Those skilled in the art will recognize and appreciate that such an antenna array as is described above will readily discretely support four corresponding control stations. It will also be understood and appreciated that two such structures can be joined to one another as shown in
So configured, such an embodiment as illustrated in
Such a configuration consumes relatively little space and readily permits easy mounting using, for example, a mast 603. These teachings are readily implemented in a cost-effective manner and support the use of a dedicated antenna for each of a plurality of control stations. Those skilled in the art will therefore recognize and appreciate that these teachings effectively reap the advantages of many prior art approaches while also avoiding many problems that are ordinarily associated with such approaches. It will also be understood that the roughly spherical (and substantially closed) shape of the resultant combined structure will tend to lend itself to survival in high wind operating environments.
In the foregoing specification, specific embodiments of the present invention have been described. However, one of ordinary skill in the art appreciates that various modifications and changes can be made without departing from the scope of the present invention as set forth in the claims below. Accordingly, the specification and figures are to be regarded in an illustrative rather than a restrictive sense, and all such modifications are intended to be included within the scope of present invention. The benefits, advantages, solutions to problems, and any element(s) that may cause any benefit, advantage, or solution to occur or become more pronounced are not to be construed as a critical, required, or essential features or elements of any or all the claims. The invention is defined solely by the appended claims including any amendments made during the pendency of this application and all equivalents of those claims as issued.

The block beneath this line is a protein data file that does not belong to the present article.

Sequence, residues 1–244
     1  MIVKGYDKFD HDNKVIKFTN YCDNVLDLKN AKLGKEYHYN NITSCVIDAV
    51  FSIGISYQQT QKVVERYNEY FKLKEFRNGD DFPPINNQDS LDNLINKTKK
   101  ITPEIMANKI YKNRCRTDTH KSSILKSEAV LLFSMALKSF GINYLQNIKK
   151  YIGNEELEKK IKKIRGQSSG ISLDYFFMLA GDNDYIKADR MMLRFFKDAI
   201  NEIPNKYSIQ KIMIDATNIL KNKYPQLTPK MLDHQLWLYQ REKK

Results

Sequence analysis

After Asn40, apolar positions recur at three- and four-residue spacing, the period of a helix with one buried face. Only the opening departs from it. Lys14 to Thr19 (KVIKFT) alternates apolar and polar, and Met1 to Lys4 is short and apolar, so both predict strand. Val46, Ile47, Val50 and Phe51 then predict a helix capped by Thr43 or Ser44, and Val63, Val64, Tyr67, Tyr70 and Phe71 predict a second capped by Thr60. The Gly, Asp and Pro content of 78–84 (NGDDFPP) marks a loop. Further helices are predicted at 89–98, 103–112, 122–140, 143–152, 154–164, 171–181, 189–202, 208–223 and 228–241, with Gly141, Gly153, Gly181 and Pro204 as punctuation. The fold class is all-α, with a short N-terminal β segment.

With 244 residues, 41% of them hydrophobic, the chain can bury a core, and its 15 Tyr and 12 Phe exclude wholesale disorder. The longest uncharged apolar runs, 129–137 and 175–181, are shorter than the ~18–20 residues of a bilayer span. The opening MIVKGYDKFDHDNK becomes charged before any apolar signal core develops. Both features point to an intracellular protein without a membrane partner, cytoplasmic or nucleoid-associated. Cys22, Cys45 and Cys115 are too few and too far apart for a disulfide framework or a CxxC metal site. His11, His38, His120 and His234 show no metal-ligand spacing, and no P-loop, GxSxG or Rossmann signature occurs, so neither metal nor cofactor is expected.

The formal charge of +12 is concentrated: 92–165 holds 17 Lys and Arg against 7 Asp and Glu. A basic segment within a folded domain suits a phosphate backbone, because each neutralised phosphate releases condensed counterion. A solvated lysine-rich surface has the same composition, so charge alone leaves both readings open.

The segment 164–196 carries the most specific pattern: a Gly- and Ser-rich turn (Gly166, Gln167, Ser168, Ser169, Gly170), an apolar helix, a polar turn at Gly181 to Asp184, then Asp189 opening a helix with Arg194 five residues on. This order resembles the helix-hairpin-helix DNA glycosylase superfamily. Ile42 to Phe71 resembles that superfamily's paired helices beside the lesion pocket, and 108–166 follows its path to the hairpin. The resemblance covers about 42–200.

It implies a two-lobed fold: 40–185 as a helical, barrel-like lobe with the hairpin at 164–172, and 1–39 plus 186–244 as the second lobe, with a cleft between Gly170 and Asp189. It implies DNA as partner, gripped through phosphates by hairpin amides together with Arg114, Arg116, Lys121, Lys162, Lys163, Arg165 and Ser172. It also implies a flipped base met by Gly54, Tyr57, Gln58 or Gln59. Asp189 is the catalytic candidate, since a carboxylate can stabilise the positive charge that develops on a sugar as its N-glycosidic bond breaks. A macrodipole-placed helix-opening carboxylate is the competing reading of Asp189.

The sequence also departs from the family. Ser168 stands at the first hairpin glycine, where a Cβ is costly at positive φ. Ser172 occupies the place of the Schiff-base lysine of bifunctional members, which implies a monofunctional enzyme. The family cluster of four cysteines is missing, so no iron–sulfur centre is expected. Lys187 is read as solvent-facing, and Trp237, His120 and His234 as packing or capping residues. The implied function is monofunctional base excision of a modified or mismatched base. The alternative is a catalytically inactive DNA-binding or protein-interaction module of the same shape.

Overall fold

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|Citing Patent||Filing date||Publication date||Applicant||Title|
|US8334809 *||Oct 22, 2008||Dec 18, 2012||Raytheon Company||Active electronically scanned array antenna for satellite communications|
|US20100099370 *||Oct 22, 2008||Apr 22, 2010||Nichols Richard W||Active electronically scanned array antenna for satellite communications|
|U.S. Classification||343/844, 343/846, 343/893|
|International Classification||H01Q1/48, H01Q21/00|
|Cooperative Classification||H01Q21/205, H01Q1/48|
|European Classification||H01Q21/20B, H01Q1/48|
|Sep 20, 2005||AS||Assignment|
Owner name: MOTOROLA, INC., ILLINOIS
Free format text: ASSIGNMENT OF ASSIGNORS INTEREST;ASSIGNOR:YOUNG, LAWRENCE G.;REEL/FRAME:017024/0021
Effective date: 20050920
|Apr 6, 2011||AS||Assignment|
Owner name: MOTOROLA SOLUTIONS, INC., ILLINOIS
Free format text: CHANGE OF NAME;ASSIGNOR:MOTOROLA, INC;REEL/FRAME:026081/0001
Effective date: 20110104
|Jun 25, 2012||FPAY||Fee payment|
Year of fee payment: 4
|Jun 27, 2016||FPAY||Fee payment|
Year of fee payment: 8